Thursday, 20 Jun 2024

Written by Yael Tischler, LBC rabbinical student

Parashat Beha’alotcha includes the infamous story of the Prophetess Miriam’s expulsion from the Israelite camp. Textually, it is because of her petty and xenophobic criticism of her brother Moses for taking a Cushite wife. However, there is also a legitimate cry running through her rebellion: her outrage that God has also spoken to her – and to her brother, Aaron – and yet Moses is the only one who receives the credit. Rav Kohenet Rabbi Jill Hammer understands this story to play a polemical role in suppressing the legitimacy of female spiritual leadership in Ancient Israel. Yet, she also suggests a radical reworking of the text that tells the story of Miriam’s ordination as a priestess, seeing her 7-day exile from the Israelite camp as a preparatory spirit journey. The following is my poem inspired by Rav Kohenet Rabbi Jill Hammer’s interpretation of the text, imagining Miriam’s 7 days in the desert:

 

I asked, “Miriam, what did you do, Sister, when you were in the desert 7 days?”

She replied,

 

“At first, I sang, filling the emptiness with my own voice

As if somehow I could blot out the darkness with music

Painting the desert the colour of song

 

“When my voice grew hoarse, I thought –

What will I do out here, when my Music has always held me, and others?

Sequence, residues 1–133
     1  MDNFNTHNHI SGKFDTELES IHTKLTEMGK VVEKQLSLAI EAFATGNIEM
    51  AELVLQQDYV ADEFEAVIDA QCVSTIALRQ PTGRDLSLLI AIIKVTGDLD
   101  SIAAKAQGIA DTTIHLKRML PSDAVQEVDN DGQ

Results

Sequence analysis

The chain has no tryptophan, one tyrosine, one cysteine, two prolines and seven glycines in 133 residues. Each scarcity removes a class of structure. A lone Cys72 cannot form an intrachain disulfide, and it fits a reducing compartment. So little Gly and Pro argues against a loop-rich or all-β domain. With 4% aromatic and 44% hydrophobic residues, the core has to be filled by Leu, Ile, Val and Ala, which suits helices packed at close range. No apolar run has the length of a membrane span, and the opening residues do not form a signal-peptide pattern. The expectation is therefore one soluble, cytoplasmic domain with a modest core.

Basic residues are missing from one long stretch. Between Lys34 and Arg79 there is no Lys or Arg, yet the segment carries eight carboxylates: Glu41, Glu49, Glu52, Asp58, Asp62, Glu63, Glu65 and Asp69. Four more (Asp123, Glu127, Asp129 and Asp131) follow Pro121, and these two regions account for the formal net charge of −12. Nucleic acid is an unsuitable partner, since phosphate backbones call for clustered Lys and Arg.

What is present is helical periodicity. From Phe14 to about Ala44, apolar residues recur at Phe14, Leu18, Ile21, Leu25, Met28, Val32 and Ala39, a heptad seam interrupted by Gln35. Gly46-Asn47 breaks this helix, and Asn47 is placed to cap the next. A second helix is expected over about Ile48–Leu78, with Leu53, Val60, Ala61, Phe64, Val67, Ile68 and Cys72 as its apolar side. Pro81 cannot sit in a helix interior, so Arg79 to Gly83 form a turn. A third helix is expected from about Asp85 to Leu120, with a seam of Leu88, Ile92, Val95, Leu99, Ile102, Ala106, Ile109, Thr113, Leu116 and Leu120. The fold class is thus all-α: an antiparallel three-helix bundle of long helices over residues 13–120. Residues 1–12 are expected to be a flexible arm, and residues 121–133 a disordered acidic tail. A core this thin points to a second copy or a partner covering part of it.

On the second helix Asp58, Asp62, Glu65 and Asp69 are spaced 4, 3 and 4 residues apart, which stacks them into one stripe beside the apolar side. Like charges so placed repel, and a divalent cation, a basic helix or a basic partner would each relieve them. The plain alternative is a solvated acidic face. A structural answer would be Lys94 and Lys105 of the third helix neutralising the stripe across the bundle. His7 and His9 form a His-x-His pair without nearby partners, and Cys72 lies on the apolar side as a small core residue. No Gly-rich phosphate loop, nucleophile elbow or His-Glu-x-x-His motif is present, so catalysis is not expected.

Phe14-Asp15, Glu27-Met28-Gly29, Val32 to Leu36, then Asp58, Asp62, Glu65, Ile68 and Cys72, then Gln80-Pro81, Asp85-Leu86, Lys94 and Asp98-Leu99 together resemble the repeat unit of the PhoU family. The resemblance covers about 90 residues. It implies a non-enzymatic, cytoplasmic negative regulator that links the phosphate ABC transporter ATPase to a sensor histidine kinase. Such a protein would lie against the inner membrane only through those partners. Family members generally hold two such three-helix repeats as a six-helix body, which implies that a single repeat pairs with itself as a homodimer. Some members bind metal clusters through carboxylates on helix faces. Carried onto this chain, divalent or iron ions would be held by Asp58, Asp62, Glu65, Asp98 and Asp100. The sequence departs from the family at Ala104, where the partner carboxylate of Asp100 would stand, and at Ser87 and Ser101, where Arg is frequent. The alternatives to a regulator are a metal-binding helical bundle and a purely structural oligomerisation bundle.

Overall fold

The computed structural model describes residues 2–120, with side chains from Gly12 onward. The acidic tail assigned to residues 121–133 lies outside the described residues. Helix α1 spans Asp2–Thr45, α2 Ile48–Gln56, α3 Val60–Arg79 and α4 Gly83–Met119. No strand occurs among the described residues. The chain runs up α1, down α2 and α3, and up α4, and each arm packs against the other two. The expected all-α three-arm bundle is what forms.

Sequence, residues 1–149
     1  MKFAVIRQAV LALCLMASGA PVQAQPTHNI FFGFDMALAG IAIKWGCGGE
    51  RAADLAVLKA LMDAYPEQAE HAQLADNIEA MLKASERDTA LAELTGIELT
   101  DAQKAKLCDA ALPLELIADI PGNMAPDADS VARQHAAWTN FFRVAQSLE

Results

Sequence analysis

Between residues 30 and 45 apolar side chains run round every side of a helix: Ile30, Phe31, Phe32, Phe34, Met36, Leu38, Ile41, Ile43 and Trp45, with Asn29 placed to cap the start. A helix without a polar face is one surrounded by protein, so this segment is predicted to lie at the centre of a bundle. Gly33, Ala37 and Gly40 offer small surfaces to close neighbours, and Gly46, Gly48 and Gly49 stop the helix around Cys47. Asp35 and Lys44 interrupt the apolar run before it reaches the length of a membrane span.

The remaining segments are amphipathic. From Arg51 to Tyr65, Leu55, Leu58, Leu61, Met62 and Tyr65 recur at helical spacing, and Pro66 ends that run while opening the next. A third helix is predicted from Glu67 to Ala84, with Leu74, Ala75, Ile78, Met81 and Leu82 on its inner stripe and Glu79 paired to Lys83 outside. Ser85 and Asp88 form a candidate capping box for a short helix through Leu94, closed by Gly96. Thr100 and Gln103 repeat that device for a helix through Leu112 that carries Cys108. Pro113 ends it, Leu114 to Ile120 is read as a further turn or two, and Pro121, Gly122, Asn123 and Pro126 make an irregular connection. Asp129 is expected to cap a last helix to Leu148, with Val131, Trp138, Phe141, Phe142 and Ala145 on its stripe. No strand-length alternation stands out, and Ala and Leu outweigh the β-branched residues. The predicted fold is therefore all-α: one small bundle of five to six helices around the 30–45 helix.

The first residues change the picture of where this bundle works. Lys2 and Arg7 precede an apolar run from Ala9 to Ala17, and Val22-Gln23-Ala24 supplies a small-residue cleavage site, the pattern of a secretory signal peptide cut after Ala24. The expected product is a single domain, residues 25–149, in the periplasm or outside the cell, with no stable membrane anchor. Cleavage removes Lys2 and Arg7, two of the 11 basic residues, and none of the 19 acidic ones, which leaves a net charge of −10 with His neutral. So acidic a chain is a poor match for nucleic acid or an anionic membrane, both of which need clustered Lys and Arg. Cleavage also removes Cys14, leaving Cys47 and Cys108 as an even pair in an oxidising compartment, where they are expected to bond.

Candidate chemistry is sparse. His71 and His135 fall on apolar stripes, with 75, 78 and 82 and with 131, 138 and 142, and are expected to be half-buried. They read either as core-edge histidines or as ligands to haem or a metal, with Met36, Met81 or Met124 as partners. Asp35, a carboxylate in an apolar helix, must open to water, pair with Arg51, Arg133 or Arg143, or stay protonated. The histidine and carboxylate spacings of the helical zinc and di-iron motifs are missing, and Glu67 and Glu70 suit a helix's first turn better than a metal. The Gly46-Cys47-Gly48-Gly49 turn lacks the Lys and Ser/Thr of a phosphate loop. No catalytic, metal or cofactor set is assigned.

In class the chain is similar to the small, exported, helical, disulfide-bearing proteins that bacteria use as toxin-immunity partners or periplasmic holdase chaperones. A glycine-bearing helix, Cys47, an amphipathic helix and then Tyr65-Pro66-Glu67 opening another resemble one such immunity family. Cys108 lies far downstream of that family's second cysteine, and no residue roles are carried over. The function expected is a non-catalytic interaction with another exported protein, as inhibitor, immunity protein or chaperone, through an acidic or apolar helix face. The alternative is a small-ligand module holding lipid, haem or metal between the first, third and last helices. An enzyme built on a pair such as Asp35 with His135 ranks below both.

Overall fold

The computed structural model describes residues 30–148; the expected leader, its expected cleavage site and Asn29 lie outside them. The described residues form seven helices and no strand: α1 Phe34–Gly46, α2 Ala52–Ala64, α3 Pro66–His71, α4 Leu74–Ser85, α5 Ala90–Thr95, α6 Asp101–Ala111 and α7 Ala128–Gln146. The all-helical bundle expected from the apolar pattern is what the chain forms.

“I counted the grains of sand

I traced my fingers through it, making spirals

And I listened to the rush of the wind

 

“I heard the scuttling of spiders and snakes

The scampering of gerbils

And once, the clopping of an ibex

And often, the buzz of insects

 

“The way the desert came alive at night,

All the animals emerging from hiding

After the tyrant sun had gone to sleep

 

“It seemed the world could have a Song,

Even if I was not the one to sing it

That there was no real aloneness

If I was a link in the web of

Everything that breathes

 

“And as Shekhinah tended my snow-like skin

She whispered,

‘The world can sing without you, you know

Now, let yourself be cared for

Your people await you with drums and dances

On the other side of isolation.’”

 

-Kohenet Yael Tischler

Yael Tischler, LBC rabbinical student

The views expressed in this D’var Torah do not necessarily reflect the position of Leo Baeck College.